1 November 1993 Signal-processing algorithms for point-target detection in consecutive-frame staring imagery
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Our algorithm development for point target surveillance is closely meshed to our laboratory IR cameras. The two-stage approach falls into the category of `track before detect' and incorporates dynamic programming optimization techniques. The first stage generates merit scores for each pixel and suppresses clutter by spatial/temporal subtractions from N registered frames of data. The higher the value of the merit score, the more likely that a target is present. In addition to the merit score, the best track associated with each score is stored; together they comprise the merit function. In the second stage, merit functions are associated and dynamic programming techniques are used to create combined merit functions. Nineteen and thirteen frames of data are used to accumulate merit functions. Results using a total of 38 and 39 frames of data are presented for a set of simulated targets embedded in white noise. The result is a high probability of detection and low false alarm rate down to a signal to noise ratio of about 2.0. Preliminary results for some real targets (extracted from real scenes and then re- embedded in white noise) show a graceful degradation from the results obtained on simulated targets.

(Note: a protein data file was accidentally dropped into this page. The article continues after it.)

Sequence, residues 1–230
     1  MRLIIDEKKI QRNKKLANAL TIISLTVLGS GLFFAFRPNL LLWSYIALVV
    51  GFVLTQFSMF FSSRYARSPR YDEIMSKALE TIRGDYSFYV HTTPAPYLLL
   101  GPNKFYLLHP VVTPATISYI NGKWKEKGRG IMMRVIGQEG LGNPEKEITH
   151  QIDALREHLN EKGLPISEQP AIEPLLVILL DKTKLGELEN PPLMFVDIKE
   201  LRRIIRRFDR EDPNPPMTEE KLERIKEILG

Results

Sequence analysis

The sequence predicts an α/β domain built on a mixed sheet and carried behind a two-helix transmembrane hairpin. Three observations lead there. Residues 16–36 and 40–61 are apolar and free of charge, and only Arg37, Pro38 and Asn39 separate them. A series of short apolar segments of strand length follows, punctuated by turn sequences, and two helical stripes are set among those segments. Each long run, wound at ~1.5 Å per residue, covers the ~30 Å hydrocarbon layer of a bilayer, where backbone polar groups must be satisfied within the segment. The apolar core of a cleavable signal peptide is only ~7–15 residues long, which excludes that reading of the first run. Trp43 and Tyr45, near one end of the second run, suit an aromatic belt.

© (1993) COPYRIGHT Society of Photo-Optical Instrumentation Engineers (SPIE). Downloading of the abstract is permitted for personal use only.
Charlene E. Caefer, Charlene E. Caefer, Jerry Silverman, Jerry Silverman, Jonathan Martin Mooney, Jonathan Martin Mooney, Alexis P. Tzannes, Alexis P. Tzannes, Virgil E. Vickers, Virgil E. Vickers, } "Signal-processing algorithms for point-target detection in consecutive-frame staring imagery", Proc. SPIE 2020, Infrared Technology XIX, (1 November 1993); doi: 10.1117/12.160531; https://doi.org/10.1117/12.160531

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